Although much has changed since my dad’s life with dementia began, there are still significant barriers for people living with dementia today. Access to services is still very much a postcode lottery, people are often not informed or supported regarding what they are entitled to, there is not enough emphasis on providing therapeutic dementia care (through the arts for example), not enough access to some of the great design and technological advances that can improve the lives of people with dementia and those who look after them, and there are many day-to-day obstacles to overcome. Even a simple trip to the shops, or going out for a coffee, can turn into people staring at you, whispering, being unhelpful, or refusing to make allowances for the needs of someone with dementia, and that is assuming you have the resources to even get out of the house or care home to begin with.
So much can be done to remedy this, however. Organisations can train staff to become dementia aware, not just to assist customers but also as part of the pastoral role good employers should adopt in supporting their staff in their personal lives, recognising that many of their employees will have family, friends or neighbours with dementia who rely on their help. Improving customer advice and liaison roles to encompass helping people with dementia who may be disorientated, confused, aggressive or upset, simplifying signage to help people with dementia to find their way, supporting people with financial transactions, adapting menus to reflect the needs of people who require soft or purred food because of a swallowing problem, and providing toilet facilities that help carers to change incontinence pads in privacy, are just a few simple but important issues businesses can address to become more welcoming for, and understanding towards, people with dementia.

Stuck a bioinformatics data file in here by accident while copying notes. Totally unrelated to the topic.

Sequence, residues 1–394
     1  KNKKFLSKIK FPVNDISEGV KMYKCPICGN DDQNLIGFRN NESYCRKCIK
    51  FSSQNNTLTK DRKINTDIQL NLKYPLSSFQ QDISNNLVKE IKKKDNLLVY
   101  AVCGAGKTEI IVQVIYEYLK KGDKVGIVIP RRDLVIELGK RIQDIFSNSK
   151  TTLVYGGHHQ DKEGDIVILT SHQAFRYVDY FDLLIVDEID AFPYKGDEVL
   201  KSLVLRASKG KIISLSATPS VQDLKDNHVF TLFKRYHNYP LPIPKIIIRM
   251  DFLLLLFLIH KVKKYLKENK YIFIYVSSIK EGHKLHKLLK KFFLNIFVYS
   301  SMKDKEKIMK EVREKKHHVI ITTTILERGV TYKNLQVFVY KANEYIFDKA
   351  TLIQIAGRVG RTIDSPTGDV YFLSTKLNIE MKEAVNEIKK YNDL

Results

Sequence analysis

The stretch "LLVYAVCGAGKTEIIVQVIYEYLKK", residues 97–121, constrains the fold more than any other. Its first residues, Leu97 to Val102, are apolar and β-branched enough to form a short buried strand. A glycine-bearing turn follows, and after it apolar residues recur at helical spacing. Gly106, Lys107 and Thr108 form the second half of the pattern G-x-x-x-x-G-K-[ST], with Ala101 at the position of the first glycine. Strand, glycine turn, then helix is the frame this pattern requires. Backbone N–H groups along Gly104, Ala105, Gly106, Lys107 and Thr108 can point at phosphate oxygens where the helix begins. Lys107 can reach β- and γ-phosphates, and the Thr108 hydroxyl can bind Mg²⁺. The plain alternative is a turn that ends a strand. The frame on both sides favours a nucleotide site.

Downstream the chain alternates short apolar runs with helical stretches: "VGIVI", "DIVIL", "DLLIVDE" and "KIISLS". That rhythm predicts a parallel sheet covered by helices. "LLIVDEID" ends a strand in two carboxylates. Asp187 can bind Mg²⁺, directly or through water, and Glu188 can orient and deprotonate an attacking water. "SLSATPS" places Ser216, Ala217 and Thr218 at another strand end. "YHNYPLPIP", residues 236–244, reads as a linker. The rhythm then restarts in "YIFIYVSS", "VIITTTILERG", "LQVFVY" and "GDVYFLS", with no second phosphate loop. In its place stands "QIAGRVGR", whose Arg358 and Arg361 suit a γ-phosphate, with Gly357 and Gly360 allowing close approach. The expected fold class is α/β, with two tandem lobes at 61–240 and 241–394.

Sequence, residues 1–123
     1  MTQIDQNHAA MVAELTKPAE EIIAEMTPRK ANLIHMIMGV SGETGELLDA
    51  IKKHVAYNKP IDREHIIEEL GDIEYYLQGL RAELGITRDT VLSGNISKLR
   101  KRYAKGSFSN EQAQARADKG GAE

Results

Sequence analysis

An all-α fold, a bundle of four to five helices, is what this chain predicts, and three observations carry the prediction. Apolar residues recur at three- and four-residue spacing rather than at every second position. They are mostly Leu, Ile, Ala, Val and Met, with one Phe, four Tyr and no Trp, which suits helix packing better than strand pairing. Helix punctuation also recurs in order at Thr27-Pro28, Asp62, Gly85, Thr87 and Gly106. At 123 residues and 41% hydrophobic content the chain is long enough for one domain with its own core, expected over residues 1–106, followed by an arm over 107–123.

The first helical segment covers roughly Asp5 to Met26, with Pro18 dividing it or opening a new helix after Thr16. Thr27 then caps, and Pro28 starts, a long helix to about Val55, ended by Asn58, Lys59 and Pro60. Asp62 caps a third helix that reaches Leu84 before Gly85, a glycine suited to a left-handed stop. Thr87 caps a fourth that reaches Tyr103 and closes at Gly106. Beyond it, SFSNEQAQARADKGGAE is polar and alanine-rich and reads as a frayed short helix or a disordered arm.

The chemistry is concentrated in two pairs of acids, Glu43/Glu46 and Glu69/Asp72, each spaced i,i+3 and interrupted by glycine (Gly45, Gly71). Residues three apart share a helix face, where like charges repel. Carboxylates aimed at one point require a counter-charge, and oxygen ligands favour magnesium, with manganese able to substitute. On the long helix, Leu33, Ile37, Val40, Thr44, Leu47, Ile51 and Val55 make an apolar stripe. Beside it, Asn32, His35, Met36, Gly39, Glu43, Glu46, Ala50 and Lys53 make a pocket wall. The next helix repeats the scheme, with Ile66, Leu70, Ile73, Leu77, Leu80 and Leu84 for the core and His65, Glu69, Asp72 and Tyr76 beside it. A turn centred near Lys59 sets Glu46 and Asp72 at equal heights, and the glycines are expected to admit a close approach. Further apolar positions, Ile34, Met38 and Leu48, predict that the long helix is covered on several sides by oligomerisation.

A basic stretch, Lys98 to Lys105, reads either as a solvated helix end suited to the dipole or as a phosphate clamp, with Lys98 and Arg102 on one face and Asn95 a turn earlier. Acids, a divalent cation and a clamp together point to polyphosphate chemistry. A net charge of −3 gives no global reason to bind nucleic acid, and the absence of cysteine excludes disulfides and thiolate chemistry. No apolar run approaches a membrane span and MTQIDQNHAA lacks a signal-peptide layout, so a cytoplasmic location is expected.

It is not just down to businesses and service providers to make our communities dementia friendly though. If everyone understood dementia, recognised the symptoms in family members, friends and neighbours, and provided a supportive environment where we look out for each other, help with simple tasks, are able and willing to call for professional help when it is needed (and for that help to be forthcoming and appropriate), and took the time to offer kindness, a listening ear, a compassionate touch and a caring outlook, then all vulnerable people, not just those with dementia, would be able to live far more fulfilling lives that offer quality and richness.
Ultimately dementia friendly communities will only exist if there is a shared will between the people, policy makers, media and businesses to make this happen. Creating communities where people with dementia are welcomed, supported and enabled to get the maximum out of life will require flexibility, forward-thinking, huge commitment and above all instilling within our society how valuable people with dementia are.
Recognising the contribution people have made in their lives prior to having dementia, celebrating that, tapping into it and helping them to be as active, healthy and happy as possible during their life with dementia will need the rest of us to show the same courage and determination that my dad, so many before him and so many right now, are showing in battling their own personal dementia challenge.
Until next time…